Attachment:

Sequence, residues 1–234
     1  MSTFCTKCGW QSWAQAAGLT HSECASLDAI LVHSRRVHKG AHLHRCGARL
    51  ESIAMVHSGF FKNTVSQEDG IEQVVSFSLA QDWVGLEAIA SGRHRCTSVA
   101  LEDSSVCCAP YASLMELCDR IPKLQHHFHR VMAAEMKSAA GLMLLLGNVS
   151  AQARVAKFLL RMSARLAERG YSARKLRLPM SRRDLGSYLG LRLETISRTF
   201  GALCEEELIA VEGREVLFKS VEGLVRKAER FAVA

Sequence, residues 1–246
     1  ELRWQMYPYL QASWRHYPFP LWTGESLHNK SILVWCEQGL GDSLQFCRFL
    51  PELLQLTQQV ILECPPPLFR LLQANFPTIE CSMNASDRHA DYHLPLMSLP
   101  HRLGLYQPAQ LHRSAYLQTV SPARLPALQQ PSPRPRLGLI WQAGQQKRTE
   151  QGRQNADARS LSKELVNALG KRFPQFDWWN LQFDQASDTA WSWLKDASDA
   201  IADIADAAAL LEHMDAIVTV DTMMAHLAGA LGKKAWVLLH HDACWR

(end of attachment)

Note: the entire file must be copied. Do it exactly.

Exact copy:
Sequence, residues 1–234
     1  MSTFCTKCGW QSWAQAAGLT HSECASLDAI LVHSRRVHKG AHLHRCGARL
    51  ESIAMVHSGF FKNTVSQEDG IEQVVSFSLA QDWVGLEAIA SGRHRCTSVA
   101  LEDSSVCCAP YASLMELCDR IPKLQHHFHR VMAAEMKSAA GLMLLLGNVS
   151  AQARVAKFLL RMSARLAERG YSARKLRLPM SRRDLGSYLG LRLETISRTF
   201  GALCEEELIA VEGREVLFKS VEGLVRKAER FAVA

Sequence, residues 1–246
     1  ELRWQMYPYL QASWRHYPFP LWTGESLHNK SILVWCEQGL GDSLQFCRFL
    51  PELLQLTQQV ILECPPPLFR LLQANFPTIE CSMNASDRHA DYHLPLMSLP
   101  HRLGLYQPAQ LHRSAYLQTV SPARLPALQQ PSPRPRLGLI WQAGQQKRTE
   151  QGRQNADARS LSKELVNALG KRFPQFDWWN LQFDQASDTA WSWLKDASDA
   201  IADIADAAAL LEHMDAIVTV DTMMAHLAGA LGKKAWVLLH HDACWR